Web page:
Buildings that make a strong urban statement. Tunnels and bridges that link countries and cultures. Systems that drive clean water to and dirty water away from cities. Roadways. Airports. Public spaces. These make up the infrastructure of civilization — and civil engineers bring them from bold ideas to concrete realities.

Increase your marketability.

Though you can major in general civil engineering, you may also specialize in the areas of environmental and water resources, structural engineering, construction management, transportation, and urban engineering — all fields projected to experience continued growth in the coming decade.

Structural specialist and environmental experts.

As a civil engineering major, you'll get hands-on experience with the tools and materials of your craft in our seven labs: structures, environmental, asphalt, concrete, hydraulics, computer modeling and soil mechanics.

Thinking about architecture?

Consider the civil engineering major. There are some similarities between the professions and a key difference — the job market for civil engineers is much healthier. (Many civil engineers, in support of their profession, will tell you it's their expertise in materials use that enables architects' ideas to work.)

Build better buildings.

With a specialization in structural engineering and course work in computerized structural analysis and design, you can find ways to solve the mysteries of structural failures and to construct buildings, bridges and dams that pass the test of time.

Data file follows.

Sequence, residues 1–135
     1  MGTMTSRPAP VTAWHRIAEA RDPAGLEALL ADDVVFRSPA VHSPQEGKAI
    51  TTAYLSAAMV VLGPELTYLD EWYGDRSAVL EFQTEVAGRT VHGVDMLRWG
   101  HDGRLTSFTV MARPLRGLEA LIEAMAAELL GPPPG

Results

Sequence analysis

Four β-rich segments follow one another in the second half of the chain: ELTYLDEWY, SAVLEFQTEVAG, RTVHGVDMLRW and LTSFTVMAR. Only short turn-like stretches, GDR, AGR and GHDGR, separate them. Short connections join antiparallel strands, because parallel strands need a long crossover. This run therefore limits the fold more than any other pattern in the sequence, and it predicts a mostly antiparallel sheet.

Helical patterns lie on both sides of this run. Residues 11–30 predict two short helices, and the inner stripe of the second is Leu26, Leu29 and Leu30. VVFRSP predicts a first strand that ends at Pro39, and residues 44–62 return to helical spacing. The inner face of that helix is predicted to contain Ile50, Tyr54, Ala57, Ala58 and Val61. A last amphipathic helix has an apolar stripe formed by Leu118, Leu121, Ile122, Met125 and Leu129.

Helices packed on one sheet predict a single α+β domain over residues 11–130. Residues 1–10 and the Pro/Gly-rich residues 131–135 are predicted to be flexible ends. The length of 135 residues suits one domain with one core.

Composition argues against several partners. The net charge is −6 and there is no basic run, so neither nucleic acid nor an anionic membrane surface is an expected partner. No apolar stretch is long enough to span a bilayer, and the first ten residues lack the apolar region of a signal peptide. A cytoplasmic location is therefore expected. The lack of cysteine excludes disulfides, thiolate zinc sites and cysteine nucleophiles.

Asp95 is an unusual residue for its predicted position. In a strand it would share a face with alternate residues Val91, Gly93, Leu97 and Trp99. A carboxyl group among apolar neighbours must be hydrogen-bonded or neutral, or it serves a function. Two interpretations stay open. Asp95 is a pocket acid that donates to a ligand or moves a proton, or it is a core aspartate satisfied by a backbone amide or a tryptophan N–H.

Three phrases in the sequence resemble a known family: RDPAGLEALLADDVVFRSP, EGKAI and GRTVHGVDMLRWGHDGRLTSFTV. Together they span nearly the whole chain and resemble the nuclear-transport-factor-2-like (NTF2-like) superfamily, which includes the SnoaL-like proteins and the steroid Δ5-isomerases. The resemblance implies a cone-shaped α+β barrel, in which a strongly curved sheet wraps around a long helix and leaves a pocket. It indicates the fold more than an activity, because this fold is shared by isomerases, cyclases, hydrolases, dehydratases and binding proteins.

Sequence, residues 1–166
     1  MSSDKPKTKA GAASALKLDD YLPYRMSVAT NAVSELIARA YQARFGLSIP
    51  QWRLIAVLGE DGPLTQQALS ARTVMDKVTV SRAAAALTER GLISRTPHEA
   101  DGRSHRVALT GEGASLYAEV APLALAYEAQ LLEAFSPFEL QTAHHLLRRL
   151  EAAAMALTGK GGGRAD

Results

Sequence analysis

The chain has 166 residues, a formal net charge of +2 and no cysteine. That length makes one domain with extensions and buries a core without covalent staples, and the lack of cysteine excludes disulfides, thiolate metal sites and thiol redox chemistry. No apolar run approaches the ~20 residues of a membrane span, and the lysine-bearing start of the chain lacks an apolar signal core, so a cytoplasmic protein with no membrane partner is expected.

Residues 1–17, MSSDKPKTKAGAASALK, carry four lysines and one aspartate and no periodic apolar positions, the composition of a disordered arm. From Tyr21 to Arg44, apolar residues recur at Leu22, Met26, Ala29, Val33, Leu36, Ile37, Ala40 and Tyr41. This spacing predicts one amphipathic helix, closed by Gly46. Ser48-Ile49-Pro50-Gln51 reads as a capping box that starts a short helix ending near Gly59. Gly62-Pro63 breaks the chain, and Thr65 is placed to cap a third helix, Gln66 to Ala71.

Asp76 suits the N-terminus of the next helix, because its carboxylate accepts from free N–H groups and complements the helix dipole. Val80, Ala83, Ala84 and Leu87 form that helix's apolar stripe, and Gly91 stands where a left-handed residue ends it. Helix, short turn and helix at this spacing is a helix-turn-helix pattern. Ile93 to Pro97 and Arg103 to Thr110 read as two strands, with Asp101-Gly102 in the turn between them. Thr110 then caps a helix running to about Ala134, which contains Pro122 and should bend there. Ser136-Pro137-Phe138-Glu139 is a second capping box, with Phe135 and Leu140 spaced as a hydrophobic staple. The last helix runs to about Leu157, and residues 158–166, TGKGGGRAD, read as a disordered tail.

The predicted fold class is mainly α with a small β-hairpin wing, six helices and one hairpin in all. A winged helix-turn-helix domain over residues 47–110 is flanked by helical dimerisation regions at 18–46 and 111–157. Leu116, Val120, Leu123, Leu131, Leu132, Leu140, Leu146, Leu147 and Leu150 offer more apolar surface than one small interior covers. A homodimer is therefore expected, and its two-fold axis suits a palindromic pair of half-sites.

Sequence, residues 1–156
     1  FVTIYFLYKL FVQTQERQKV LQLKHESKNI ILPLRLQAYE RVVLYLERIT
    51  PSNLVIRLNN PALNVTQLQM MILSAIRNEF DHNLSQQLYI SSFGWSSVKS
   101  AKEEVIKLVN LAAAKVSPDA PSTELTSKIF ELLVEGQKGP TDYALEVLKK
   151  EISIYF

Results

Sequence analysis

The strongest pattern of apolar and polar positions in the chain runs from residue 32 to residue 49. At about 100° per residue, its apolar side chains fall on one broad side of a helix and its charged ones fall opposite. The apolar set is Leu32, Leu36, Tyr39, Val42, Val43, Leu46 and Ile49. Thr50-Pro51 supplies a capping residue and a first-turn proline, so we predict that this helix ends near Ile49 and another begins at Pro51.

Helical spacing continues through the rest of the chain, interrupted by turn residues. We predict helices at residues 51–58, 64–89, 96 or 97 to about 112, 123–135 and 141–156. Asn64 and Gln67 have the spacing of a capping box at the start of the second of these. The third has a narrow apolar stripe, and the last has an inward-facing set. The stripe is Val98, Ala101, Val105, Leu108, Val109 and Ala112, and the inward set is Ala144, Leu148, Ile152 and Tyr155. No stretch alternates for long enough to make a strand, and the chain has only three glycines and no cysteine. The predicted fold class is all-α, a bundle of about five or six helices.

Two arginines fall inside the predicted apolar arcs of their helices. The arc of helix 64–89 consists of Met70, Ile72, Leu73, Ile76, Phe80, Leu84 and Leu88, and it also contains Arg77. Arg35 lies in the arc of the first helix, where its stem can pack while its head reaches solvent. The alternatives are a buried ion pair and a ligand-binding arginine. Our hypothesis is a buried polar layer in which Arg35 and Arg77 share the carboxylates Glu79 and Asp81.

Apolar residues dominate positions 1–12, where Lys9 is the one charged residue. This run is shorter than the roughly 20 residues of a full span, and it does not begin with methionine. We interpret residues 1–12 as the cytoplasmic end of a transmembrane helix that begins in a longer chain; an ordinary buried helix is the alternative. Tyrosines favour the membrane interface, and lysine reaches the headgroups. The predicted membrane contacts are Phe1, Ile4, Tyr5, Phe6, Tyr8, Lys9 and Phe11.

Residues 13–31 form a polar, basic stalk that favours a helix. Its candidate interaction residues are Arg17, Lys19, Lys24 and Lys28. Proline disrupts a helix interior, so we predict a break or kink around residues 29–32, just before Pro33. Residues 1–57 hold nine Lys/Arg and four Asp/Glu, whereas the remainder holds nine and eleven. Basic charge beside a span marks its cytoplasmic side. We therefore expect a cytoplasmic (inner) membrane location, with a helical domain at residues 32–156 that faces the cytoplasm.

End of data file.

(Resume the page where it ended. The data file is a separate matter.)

Clean up the planet.

Specialize in environmental and water resources to learn the fundamentals of designing systems for water resources and supply, wastewater treatment and disposal, air pollution control, and solid and hazardous waste management. You'll be well-prepared for a hot job market.

Suggested curriculum

Major courses are bolded.


  • Introduction to Infrastructure
  • Introduction to Engineering Computing, Analysis, Design and Communication
  • Introduction to Graphics for Engineers
  • Calculus I & II
  • General Chemistry I & II
  • Rhetoric and Composition I & II
  • Contemporary Presentation
  • Introduction to Theology



  • Introduction to Civil Infrastructure, Geo-Spatial and Environmental Modeling
  • Introduction to Building Information Modeling
  • Statics
  • Dynamics
  • Mechanics of Materials
  • Civil Engineering Methods
  • Professional Development for Engineers
  • Differential Equations for Biomedical and Civil Engineers
  • Philosophy of Human Nature
  • General Physics with Calculus I & II


  • Statistical Methods
  • Environmental Engineering
  • Geotechnical Engineering
  • Hydraulic Engineering
  • Transportation Engineering
  • Fluid Mechanics
  • Structural Analysis I
  • Introduction to Construction Management


  • Civil Engineering Capstone Design
  • Steel Design I
  • Reinforced Concrete Design
  • Civil Engineering Design Electives
  • Civil Engineering Electives
  • Theology Elective
  • Theory of Ethics